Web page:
60 pages 2 hours read

John Steinbeck

Cannery Row

Fiction | Novel | Adult | Published in 1945

A modern alternative to SparkNotes and CliffsNotes, SuperSummary offers high-quality Study Guides with detailed chapter summaries and analysis of major themes, characters, and more.

Summary and Study Guide


Cannery Row by John Steinbeck was originally published in 1945. A Nobel Prize-winning writer, Steinbeck grew up in Salinas, California, which is near Monterey—the location of Cannery Row. Aside from a few years in Palo Alto, New York, and Los Angeles, Steinbeck spent most of his adult life living in Monterey County, and he drew on his personal experiences to write Cannery Row.

Considered literary fiction or classic literature, Cannery Row is realistic and was written close to the time in which it’s set—the era of the Great Depression. Steinbeck focuses on portraying the lower-class community, or people on the edges of respectable society, as well as the local landscape and animals. Cannery Row and its sequel, Sweet Thursday, were made into a film, directed by David S. Ward, in 1982. J. R. Hall wrote a theatrical adaptation, which was first performed in 1994. The novel explores several main themes: The Function of Community, Questioning the Nature of Success, and Sense of Place.

This guide cites the 1994 Penguin Classics edition, which includes an introduction by Susan Shillinglaw.

Content Warning: This novel contains depictions of death by suicide, infanticide, and alcohol abuse. In addition, it contains several outdated, offensive terms for Chinese immigrants, which this guide cites only in direct quotes from the novel.

Plot Summary

Cannery Row is an ensemble piece that follows numerous characters in Monterey. The story is set during the time of the Great Depression, and most of the characters struggle to make ends meet, relying on community and their wits to survive. The novel’s major plotlines center on Doc, a marine biologist; Mack and his friends; and Lee Chong, a Chinese immigrant who runs a grocery store. The novel uses the point of view of an omniscient third-person narrator.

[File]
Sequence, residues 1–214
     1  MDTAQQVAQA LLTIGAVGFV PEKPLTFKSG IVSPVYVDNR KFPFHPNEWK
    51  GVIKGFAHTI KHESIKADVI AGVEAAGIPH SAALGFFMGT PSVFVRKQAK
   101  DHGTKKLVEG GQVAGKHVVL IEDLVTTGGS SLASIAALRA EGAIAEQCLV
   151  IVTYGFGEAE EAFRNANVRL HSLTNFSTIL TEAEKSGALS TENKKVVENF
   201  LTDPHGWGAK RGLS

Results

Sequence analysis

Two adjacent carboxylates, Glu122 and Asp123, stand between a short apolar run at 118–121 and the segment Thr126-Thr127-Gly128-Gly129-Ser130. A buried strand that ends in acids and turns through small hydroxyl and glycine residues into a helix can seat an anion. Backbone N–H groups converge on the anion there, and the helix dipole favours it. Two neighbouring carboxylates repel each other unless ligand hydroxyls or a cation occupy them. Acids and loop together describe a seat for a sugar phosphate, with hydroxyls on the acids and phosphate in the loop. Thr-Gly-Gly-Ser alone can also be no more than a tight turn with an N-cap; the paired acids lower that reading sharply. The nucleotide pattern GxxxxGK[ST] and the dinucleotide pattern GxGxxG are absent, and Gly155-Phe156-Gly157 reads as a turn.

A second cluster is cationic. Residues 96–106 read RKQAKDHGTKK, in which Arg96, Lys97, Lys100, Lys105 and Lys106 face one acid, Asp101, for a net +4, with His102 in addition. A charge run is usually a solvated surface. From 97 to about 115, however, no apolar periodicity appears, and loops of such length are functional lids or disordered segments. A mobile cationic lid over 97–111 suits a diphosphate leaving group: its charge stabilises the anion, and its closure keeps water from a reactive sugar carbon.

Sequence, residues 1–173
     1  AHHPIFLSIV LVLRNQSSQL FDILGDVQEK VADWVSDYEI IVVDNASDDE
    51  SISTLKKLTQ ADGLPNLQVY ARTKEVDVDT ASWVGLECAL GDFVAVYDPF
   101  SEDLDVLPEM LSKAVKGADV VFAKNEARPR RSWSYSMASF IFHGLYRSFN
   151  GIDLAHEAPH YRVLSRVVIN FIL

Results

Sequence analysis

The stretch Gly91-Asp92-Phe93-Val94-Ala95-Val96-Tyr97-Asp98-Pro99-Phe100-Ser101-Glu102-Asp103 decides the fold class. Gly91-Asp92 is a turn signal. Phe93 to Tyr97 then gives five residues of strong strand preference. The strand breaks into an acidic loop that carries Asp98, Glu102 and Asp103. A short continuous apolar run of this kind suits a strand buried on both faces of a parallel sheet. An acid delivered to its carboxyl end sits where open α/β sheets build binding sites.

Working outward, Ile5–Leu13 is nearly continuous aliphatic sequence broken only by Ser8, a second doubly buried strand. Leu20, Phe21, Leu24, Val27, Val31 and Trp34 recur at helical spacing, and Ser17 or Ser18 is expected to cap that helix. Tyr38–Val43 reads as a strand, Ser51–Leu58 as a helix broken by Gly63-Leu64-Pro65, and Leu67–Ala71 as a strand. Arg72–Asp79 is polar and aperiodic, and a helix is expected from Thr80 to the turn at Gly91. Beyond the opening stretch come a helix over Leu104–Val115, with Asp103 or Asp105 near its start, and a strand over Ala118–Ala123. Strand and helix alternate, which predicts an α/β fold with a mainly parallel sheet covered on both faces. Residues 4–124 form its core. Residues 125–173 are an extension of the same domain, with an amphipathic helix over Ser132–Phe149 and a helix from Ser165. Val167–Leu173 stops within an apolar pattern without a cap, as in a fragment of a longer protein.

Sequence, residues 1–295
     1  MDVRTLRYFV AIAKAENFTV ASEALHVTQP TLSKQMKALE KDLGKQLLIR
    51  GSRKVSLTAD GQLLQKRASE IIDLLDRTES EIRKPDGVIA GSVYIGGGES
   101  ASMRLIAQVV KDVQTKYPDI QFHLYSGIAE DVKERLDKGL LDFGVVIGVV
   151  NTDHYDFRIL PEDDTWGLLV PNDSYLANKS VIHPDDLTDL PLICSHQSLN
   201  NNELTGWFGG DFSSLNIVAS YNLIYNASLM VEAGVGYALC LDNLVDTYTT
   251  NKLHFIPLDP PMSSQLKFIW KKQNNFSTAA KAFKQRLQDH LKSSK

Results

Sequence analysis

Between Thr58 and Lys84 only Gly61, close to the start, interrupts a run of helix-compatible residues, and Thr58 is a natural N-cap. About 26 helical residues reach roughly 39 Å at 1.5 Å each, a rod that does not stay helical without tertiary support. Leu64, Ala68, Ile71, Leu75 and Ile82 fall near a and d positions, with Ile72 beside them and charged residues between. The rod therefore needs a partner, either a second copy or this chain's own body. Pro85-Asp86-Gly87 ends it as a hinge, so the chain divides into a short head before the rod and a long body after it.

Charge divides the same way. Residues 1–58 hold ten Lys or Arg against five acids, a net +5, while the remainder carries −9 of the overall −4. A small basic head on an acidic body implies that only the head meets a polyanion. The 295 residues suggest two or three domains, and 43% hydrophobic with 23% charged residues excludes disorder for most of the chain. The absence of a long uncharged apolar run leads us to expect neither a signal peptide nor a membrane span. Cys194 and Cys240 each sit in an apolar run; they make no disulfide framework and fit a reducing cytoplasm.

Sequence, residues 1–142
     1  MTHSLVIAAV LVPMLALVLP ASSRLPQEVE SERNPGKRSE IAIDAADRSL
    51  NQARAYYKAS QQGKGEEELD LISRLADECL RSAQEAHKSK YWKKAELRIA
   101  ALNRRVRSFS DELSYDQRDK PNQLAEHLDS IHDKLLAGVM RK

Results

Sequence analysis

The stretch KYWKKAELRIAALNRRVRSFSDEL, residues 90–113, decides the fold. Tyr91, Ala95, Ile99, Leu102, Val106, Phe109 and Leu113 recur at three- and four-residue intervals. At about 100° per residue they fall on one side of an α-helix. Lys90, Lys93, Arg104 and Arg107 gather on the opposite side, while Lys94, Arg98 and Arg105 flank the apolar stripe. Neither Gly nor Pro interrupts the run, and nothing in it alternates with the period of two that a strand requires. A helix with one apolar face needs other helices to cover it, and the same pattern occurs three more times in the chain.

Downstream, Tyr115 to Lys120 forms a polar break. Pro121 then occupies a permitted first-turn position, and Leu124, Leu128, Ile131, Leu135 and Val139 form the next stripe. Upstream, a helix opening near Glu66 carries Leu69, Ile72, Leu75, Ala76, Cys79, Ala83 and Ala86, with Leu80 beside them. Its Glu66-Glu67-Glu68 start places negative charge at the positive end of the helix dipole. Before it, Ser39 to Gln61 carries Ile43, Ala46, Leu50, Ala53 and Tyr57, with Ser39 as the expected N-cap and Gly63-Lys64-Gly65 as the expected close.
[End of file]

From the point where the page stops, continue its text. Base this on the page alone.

Lee and his store are described in great detail and appear in many chapters. He supplies the community with a variety of goods, extends lines of credit, and accepts trades (such as real estate, a truck, and animal specimens) in payment for grocery bills. In addition to gathering his grandfather’s remains and sending them back to China, Lee attends the two parties that Mack and his friends organize for Doc, and brings gifts to the second party.

Mack and his friends—Hazel, Eddie, Jones, Hughie, and Gay—initially inhabit the vacant lot next to Lee’s store but eventually take up residence in a building that Lee receives in exchange for a grocery bill. They furnish it in their unique way, and the place becomes known as the Palace Flophouse. They spend much of their time drinking and playing card games, but one day they decide to organize a party for Doc, who has been kind to them. To fund the party, they offer to collect frogs for Doc, since he pays cash for specimens. They must borrow Lee’s truck to travel to the Carmel River to collect frogs. The truck isn’t in working condition, however, so the men repair it. Gay heads the repairs until a series of misadventures while he’s looking for a part lands him in the Salinas jail.